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Front. Neurol., 19 May 2021
Sec. Neuroinfectious Diseases
This article is part of the Research Topic COVID-19 in CNS and PNS: Basic and Clinical Focus on the Mechanisms of Infection and New Tools for the Therapeutic Approach View all 26 articles

Case Report: Bilateral Palsy of the Vocal Cords After COVID-19 Infection

  • 1Department for Otorhinolaryngology, Head- and Neck-Surgery, University Medical Centre Mannheim, Mannheim, Germany
  • 2Department for Neurology, University Medical Centre Mannheim, Mannheim, Germany

During the COVID-19 pandemic, adverse neurological effects have been described. In addition to unspecific neurological symptoms, cranial nerve deficits have appeared as part of SARS-CoV-2 infection. In this case report, we describe a 74-year-old patient who developed bilateral paralysis of the vocal cords some weeks following his dismissal in stable condition after COVID-19 pneumonia. After ruling out central lesions, peripheral tumors, and other possible causes, therapy was initiated with methylprednisolone, inhalations, and oxygen. The patient showed no improvement, so laterofixation after Lichtenberger was performed. The dyspnea worsened after several weeks, so a laser posterior cordectomy was performed with satisfactory outcome.


Severe Acute Respiratory Syndrome Corona Virus 2 (SARS-CoV-2) is a novel corona virus that was first detected in the Chinese city of Wuhan in 2019 (1). The resulting disease, Corona Virus Disease 2019 (COVID-19), has spread pandemically and is now a critical threat to the global healthcare system.

The pandemically significant pathomechanism leads to pneumonia with, in the most dramatic case, serious organ failure and respiratory decompensation, which leads to the need for ventilation. In addition, the majority of infections are a- or oligo-symptomatic, with the symptoms of a mild-to-moderate flu-like infection of the respiratory tract. In addition to cough and fever, sensory impairments, such as a reduction in smell and taste, are also observed (2). Besides these relatively harmless limitations, however, critical neurologic complications such as encephalitis and encephalomyelitis have been reported, especially in clinically severe cases (3).

In addition, affection of peripheral and cranial nerves in the context of a COVID-19 infection were also reported in several case reports and series, with paralysis of the eye muscles described most commonly (3).

Nevertheless, neuropathies of the facial nerve (4) and more caudally located nerves such as the phrenic nerve (5) have also been observed in COVID-19. The exact pathomechanisms are still unclear and in the interest of current research, a direct neurotoxic effect of the virus or a virally triggered autoimmune vasculitis of the nerves have been hypothesized (6).

In this context, the tenth cranial nerve, the vagus nerve, plays a special role. In addition to its sensitive, sensory and vegetative parts, it and its branches innervate various muscles in the head and neck region. The fibers innervating the larynx and the vocal cords also run over the vagus nerve and regulate the glottis, the narrowest and thus most critical point in the human airway. While unilateral vocal cord palsy mainly causes hoarseness, bilateral vocal cord palsy, especially in the acute situation, represents a dangerous respiratory emergency requiring immediate action. Neuropathy of the vagus nerve in the context of COVID-19 has already been described, at least partially, but with deficits in the more cranial pharyngeal region and simultaneous impairment of the ninth cranial nerve, the glossopharyngeal nerve (7).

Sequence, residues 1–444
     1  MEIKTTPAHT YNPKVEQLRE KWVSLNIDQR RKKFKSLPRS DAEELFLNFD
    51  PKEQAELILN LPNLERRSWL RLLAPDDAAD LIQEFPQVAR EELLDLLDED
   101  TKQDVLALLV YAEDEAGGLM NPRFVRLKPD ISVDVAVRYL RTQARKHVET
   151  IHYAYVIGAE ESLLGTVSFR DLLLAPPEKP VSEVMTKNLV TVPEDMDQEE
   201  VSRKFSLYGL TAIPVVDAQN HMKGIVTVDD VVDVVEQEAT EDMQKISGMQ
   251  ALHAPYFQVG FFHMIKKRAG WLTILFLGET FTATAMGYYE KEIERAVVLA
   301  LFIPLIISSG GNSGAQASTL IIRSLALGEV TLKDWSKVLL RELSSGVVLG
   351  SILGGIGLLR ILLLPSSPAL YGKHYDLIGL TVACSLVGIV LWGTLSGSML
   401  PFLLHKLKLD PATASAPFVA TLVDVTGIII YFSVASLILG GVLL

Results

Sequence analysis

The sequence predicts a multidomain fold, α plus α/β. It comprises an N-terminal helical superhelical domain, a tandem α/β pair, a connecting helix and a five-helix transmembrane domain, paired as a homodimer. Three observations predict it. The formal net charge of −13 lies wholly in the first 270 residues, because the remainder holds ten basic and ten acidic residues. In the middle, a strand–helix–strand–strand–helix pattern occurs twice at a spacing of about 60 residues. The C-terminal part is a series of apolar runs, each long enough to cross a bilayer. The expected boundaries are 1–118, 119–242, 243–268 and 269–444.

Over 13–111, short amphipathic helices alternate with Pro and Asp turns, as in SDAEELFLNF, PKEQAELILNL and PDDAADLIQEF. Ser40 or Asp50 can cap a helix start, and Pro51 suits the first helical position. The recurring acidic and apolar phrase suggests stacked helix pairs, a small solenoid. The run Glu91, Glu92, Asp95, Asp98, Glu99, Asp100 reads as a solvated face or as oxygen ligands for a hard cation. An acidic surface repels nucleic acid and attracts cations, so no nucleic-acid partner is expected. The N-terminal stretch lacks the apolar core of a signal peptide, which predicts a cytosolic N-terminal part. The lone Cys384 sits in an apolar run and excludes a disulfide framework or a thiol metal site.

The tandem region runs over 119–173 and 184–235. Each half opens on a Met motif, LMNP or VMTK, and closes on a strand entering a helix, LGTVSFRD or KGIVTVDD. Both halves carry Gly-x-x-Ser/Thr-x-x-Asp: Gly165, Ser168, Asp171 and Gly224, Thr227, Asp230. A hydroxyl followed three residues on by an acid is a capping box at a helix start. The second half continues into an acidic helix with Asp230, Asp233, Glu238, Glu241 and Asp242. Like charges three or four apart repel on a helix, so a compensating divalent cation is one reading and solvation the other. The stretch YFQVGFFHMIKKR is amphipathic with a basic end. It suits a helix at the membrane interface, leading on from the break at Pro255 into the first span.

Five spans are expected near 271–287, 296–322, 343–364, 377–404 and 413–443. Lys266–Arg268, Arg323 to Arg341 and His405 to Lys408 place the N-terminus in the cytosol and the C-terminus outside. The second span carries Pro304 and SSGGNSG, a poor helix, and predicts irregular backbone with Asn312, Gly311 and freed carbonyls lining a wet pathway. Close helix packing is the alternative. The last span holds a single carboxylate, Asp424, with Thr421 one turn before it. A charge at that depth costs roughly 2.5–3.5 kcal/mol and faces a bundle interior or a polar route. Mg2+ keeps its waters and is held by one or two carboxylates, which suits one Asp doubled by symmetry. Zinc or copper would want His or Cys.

This report describes the case of a patient with bilateral vocal cord palsy after undergoing COVID-19 infection, which could be a rare neuronal manifestation of SARS-CoV-2.

Case Report

A 74-year-old female was admitted to our hospital after syncope, most likely of orthostatic genesis, during a bronchopulmonary infection and suspicion of COVID-19 pneumonia. Pre-existing conditions included high blood pressure, as well as implantation of knee endoprosthesis on both sides and hip endoprosthesis on the right side.

A computed tomography (CT) scan of the thorax showed frequently reported CT features of COVID-19 pneumonia and the nasopharyngeal smear for SARS-CoV-2 was PCR positive.

With the patient's consent, therapy with off-label use hydroxychloroquine was initiated. Due to persistent recurrent fevers, additional empirical antibiotic therapy with clarithromycin was initiated.

Six days after admission, the patient developed increasing respiratory insufficiency with deterioration of the peripheral SpO2, despite oxygen administration, and was urgently transferred to the intensive care unit. She was intubated and ventilated for a total of 17 days and was extubated successfully after that. The patient was then transferred to a peripheral hospital for early rehabilitation where she stayed for 9 days. At that time, she did not show any significant dyspnea.

Two weeks after discharge from the rehabilitation center, the patient was again urgently transferred to our hospital due to dyspnea. After acute cardiopulmonary reasons for the dyspnea were ruled out, an inspiratory stridor was noticed, and the patient was presented to the department of otorhinolaryngology, head and neck surgery as well as in our phoniatrics section.